The events of Easter weekend were arguably the most ‘typically Sunderland’ we’ve had in experienced in recent years.

Just when we were on the point of entirely giving up on them, the lads went and beat play off hopeful’s Derby 4-1. Two glorious days followed, the sense of detachment that I’ve felt for the majority of the season lifted and although Birmingham’s win over Ipswich was a kick in the teeth, at least I felt some emotion about the situation. Not only was I actively looking out for the results of other teams that would affect our ‘relegation battle’, but in the build up to the Sheffield Wednesday game I felt all the usual feelings that most football fans are lucky enough to experience on a weekly basis. I felt dread, I nervous and I felt anticipation, and most stupidly of all, I felt the tinniest bit of hope. Hope that a spark might have been ignited amongst this set of players.

Alas, I was wrong. Yes, the effort was there, and the performance was better than what we’ve served up at home recently. Yes, for a fleeting moment of madness when we equalised almost instantly after conceding, I did think to myself ‘ha’way, let’s beat these and we can stay up!’ But Sunderland being Sunderland we failed to capitalise on that momentum and we now sit 8 points adrift of safety with just six games to go.

The win at Derby was supposed to be the catalyst for another logic defying great escape. However, all it did was paper over the cracks and gave us an enjoyable Friday night. As this team has proven time and time again, they are incapable of executing moments in a game to our advantage. Of course, on another day, Lee Cattermole’s shot from the edge of the area would have struck the post and ended up in the back of the net and Lynden Gooch would have been awarded a penalty, but when you can’t defend properly this is all semantics.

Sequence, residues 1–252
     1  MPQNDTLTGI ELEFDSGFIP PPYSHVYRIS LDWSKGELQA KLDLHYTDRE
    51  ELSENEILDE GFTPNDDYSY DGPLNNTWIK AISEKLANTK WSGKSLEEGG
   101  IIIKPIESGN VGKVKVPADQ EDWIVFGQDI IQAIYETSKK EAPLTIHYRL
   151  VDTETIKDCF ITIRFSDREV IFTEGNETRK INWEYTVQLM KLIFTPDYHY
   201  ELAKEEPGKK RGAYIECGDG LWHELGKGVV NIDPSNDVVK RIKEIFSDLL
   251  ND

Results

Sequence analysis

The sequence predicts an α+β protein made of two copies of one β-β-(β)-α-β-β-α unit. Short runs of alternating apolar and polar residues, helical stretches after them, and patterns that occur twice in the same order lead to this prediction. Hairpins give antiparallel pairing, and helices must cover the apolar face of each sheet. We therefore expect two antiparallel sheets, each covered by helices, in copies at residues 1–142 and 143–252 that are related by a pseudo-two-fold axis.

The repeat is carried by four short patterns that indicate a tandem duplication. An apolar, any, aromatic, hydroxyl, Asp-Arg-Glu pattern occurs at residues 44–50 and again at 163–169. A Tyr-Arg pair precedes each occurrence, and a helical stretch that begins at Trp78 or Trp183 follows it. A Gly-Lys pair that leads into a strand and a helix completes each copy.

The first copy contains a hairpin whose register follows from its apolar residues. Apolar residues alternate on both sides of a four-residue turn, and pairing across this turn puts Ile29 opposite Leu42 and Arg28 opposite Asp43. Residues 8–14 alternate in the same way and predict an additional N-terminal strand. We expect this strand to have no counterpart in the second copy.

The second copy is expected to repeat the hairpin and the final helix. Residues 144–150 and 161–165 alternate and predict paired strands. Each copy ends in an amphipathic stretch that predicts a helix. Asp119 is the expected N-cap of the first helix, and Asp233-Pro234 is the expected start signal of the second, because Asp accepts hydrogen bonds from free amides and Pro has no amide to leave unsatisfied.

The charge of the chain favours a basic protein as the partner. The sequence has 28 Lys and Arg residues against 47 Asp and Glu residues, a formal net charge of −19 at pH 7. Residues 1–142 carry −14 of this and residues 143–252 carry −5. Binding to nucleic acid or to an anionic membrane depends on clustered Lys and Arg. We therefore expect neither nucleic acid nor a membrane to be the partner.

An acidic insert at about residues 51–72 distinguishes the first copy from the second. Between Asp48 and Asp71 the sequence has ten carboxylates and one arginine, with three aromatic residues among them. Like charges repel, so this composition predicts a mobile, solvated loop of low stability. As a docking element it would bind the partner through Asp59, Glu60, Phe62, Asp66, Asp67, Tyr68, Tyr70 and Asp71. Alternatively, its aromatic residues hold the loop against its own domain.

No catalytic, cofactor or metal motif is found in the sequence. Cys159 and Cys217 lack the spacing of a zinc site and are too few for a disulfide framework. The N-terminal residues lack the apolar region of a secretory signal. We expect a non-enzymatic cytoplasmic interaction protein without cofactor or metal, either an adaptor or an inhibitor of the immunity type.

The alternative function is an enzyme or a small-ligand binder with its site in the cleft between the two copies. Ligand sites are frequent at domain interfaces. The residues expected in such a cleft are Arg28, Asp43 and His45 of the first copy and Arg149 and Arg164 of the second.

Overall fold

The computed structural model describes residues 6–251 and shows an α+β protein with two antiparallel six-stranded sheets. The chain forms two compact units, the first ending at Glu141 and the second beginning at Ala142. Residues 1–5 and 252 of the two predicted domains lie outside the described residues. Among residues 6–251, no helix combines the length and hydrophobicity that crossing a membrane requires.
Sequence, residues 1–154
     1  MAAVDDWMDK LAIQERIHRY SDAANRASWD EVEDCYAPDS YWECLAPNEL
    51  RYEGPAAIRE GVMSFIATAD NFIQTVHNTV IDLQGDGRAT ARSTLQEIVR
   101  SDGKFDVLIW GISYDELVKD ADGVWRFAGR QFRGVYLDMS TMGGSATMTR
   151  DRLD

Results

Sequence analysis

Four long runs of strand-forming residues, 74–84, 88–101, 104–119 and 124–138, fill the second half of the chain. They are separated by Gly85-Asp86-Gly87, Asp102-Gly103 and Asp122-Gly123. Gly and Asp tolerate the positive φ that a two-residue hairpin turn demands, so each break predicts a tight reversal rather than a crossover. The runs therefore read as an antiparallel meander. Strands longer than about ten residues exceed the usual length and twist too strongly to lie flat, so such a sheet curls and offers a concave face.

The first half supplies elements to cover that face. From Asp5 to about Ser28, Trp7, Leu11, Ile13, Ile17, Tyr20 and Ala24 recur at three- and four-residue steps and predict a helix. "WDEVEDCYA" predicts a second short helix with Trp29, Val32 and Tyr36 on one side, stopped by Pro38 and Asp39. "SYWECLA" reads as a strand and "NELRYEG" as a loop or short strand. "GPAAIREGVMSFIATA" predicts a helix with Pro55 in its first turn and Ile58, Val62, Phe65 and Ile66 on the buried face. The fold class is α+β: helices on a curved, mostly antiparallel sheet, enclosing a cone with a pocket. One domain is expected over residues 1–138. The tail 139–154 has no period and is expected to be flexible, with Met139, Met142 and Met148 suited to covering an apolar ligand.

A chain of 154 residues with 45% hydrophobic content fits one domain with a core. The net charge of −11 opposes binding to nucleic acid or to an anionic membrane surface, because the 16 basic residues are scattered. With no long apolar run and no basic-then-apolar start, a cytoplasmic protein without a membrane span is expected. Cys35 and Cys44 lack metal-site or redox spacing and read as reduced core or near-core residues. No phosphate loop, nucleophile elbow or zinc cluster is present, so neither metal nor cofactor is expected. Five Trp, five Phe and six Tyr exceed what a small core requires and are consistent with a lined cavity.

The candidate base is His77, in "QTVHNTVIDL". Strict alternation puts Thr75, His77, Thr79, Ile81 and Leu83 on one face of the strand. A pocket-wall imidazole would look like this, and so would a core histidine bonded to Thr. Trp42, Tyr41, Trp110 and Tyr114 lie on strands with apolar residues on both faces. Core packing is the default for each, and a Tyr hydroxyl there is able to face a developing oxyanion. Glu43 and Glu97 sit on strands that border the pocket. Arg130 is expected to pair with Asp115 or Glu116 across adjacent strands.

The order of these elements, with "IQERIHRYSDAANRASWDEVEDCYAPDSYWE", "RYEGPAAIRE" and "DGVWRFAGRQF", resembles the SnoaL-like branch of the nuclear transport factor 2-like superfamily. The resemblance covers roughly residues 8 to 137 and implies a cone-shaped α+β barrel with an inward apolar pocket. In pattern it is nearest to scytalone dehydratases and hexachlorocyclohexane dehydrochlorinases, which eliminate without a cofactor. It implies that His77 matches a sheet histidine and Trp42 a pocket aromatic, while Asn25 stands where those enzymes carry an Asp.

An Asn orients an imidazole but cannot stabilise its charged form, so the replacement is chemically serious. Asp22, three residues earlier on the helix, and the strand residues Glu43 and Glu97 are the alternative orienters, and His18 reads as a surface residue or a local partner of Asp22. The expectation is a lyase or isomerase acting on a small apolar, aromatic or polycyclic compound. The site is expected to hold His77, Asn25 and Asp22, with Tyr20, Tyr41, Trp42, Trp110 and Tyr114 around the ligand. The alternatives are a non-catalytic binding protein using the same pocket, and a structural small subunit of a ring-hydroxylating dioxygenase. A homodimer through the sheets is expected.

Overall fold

If the stars had aligned for us and we had beaten Sheffield Wednesday it may have just papered over a few more cracks and delayed the inevitable for slightly longer. Naturally, Birmingham would have felt more pressure ahead of their tip to the Macron Stadium, but it’s no unreasonable to suggest that they would have gone there and won anyway, leaving us five points adrift, even if we had mustered back to back wins.

This is a microcosm of everything that’s gone wrong on Wearside, going back almost 10 years. In pursuit of solving our long-term problems, we have tried to pacify ourselves with short term bodged jobs. It’s the equivalent of trying to treat a severe flesh wound by sticking a plaster on it, now the wound has been infected to the point that the only way to relieve the poison and stop it spreading any further is to physically remove it.

There are two main areas of alarming short-termism at the club and that is the recruitment of both players and managers. From a playing staff point of view our dealings have been nothing short of woeful, time and time again we seem to have signed players based on their availability alone and nothing else. Even when we tried to implement a long-term strategy of sorts, by adopting the Director of Football model, we approached it haphazardly.

We all become experts in hindsight, but the way we went about the Director of Football role was farcical. Although, in Italy it may be common practice for a Head Coach to focus solely on tactics and coaching whilst leaving transfers to a Director of Football, having Paolo Di Canio as the man to work alongside Roberto Di Fanti was a disaster. Di Canio was an old style dictatorial figure who wanted complete control over every aspect of the club. Di Fanti, himself was hopelessly underqualified for the role and with him being a former agent, there was always going to be a conflict of interest. The result was a disaster and just over a year later, the majority of players signed that summer were deemed surplus to requirements.